Nightshade vegetables, such as eggplant, tomatoes, and peppers, are staples in many people's diets. However, in rare cases, a person can be allergic or intolerant to one or more types of edible foods in the nightshade family.
A person with a nightshade allergy may develop breathing problems, a rash, or eczema shortly after eating certain vegetables.
A nightshade intolerance or sensitivity means the foods are not digested properly, which can cause a range of symptoms, including digestive issues.
In this article, we look at how to identify a nightshade allergy or intolerance, which foods to avoid, and what to replace them with to ensure a healthful diet. We also discuss other effects that nightshades might have on pre-existing medical conditions.
Nightshades are a family of flowering plants called Solanaceae consisting of almost 3,000 species.
Many people will be familiar with the infamous nightshade belladonna, otherwise known as 'deadly nightshade.' As the name suggests, this particular nightshade can be fatal if eaten.
Indeed, most nightshades are not edible, and some are poisonous, but many are highly nutritious and are eaten by people throughout the world.
Edible nightshades include the following fruits and vegetables:
- white potatoes
- bell peppers
- garden huckleberries
- goji berries
Nightshades contain a group of chemical compounds known as alkaloids. These are toxic chemicals within the plant, which protect it from molds and pests.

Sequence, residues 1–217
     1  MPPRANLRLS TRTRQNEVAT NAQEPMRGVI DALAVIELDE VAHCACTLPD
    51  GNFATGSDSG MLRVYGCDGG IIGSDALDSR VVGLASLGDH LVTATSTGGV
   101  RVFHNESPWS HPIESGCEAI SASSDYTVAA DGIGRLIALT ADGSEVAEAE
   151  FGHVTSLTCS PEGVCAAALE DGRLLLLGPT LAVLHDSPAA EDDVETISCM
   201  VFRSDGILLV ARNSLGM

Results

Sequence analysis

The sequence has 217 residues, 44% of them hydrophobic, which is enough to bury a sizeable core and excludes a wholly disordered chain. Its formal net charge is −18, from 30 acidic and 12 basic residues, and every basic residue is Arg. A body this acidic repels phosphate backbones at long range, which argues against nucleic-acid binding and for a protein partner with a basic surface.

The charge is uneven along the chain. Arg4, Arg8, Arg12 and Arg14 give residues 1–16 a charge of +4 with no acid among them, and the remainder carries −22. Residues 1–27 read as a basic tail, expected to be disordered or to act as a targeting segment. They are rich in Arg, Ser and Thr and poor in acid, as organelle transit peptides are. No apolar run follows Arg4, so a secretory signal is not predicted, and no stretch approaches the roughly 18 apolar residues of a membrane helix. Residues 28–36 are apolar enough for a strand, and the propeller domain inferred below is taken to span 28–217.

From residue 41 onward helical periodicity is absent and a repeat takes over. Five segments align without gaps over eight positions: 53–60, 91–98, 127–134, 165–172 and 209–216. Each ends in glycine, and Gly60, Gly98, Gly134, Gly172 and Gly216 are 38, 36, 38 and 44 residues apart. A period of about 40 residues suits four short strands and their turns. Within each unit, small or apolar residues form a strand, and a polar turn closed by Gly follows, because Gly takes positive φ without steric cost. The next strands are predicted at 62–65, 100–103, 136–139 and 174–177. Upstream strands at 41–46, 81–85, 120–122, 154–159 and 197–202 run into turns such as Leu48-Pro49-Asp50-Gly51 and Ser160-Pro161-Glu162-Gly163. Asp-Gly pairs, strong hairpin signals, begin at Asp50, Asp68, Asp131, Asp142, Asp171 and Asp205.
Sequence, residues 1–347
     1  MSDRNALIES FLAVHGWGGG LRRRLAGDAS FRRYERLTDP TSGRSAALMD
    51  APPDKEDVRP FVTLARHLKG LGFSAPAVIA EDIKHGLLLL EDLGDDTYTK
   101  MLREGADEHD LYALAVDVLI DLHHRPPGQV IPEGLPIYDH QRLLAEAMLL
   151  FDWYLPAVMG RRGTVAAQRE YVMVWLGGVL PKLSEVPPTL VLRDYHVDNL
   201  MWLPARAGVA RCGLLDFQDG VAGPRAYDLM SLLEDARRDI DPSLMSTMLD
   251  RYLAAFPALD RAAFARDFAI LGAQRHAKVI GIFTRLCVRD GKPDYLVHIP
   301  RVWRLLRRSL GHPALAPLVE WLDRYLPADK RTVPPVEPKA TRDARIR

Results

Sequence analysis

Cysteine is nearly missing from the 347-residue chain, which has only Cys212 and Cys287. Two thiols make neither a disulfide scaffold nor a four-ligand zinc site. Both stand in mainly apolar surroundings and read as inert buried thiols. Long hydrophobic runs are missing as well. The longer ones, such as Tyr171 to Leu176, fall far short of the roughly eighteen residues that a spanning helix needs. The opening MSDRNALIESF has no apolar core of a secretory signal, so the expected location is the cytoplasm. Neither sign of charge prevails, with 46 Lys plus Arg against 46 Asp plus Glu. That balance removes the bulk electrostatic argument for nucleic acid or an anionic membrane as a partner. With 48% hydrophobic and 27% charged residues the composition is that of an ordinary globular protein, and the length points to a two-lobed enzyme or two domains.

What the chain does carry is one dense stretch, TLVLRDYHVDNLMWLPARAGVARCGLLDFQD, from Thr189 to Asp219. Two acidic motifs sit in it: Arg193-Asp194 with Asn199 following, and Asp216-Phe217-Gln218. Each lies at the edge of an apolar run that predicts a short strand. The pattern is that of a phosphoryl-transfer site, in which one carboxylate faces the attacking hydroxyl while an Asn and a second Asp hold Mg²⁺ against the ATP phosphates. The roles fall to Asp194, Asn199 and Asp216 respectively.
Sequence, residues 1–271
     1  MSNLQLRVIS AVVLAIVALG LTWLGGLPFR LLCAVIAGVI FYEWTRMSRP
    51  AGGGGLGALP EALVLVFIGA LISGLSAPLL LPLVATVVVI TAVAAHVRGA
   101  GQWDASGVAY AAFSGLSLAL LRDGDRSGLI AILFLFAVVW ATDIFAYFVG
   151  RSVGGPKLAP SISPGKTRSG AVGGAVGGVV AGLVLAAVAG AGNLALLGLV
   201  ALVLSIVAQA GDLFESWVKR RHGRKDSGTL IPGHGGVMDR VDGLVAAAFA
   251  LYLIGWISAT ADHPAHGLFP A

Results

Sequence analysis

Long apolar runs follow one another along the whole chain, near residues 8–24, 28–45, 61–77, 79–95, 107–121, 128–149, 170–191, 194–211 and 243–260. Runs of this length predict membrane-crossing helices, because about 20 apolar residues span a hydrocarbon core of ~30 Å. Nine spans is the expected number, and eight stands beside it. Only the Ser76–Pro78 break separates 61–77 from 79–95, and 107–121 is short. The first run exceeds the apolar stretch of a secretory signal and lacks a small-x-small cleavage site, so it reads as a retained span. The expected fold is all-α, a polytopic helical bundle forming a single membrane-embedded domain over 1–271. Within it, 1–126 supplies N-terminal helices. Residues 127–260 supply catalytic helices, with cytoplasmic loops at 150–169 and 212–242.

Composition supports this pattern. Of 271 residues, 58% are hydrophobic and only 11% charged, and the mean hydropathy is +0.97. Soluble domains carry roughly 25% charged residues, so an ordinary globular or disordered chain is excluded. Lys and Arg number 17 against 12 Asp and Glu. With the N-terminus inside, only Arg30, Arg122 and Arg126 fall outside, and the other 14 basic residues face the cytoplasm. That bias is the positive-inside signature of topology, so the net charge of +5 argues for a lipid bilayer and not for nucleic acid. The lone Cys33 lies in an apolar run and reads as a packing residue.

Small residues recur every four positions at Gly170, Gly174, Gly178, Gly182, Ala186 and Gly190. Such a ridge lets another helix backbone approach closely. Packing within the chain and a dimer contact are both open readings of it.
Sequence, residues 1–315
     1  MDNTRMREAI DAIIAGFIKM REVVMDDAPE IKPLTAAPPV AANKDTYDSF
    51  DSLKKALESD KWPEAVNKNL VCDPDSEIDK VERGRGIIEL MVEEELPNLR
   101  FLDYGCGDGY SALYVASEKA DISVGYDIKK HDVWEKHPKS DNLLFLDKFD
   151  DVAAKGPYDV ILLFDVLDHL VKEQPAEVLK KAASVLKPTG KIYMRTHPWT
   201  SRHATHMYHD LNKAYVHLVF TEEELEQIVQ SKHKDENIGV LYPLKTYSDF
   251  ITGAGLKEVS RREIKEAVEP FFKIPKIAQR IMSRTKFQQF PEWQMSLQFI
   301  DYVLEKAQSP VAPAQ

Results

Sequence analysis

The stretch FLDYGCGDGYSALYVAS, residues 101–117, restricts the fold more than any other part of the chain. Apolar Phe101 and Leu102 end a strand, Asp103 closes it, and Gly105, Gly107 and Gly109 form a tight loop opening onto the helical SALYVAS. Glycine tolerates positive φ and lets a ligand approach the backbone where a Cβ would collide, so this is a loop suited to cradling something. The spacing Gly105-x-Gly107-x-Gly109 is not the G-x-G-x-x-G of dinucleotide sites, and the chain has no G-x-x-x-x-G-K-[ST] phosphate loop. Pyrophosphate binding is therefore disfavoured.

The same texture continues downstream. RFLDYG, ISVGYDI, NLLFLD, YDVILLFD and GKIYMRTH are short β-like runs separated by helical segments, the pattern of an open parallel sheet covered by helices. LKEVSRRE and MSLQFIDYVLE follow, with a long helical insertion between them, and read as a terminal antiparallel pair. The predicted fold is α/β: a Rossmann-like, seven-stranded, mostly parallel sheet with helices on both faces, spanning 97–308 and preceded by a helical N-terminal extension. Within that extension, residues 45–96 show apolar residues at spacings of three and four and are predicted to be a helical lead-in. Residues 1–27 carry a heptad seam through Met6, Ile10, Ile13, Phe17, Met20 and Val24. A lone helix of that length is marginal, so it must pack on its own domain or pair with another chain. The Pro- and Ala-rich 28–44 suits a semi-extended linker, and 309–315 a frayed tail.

Alkaloids commonly found in nightshades include solanine, nicotine, and capsaicin.
An allergy to these alkaloids is rare, but it can sometimes occur.
Most people suffer no ill effects from eating the alkaloids in nightshade foods. Humans consume tiny amounts of these alkaloids relative to body size.
The highest concentration of alkaloids is contained within the plant stems, leaves, or the unripe fruits or tubers, which people should not eat. There have been reports of people experiencing solanine toxicity from eating green potatoes.
A person might react adversely to these foods because they have a nightshade allergy or intolerance. The differences between the two are described below:
Nightshade allergy symptoms
People who are allergic to the alkaloids in nightshades may experience one or more of the following symptoms after eating a vegetable from the nightshade family:
- hives and skin rashes
- excessive mucus production
- achy muscles and joints
Nightshade intolerance symptoms
Food intolerances tend to be less severe than food allergies and, in most cases, affect only the digestive system. People who have an intolerance to nightshades lack enzymes needed to properly digest these foods.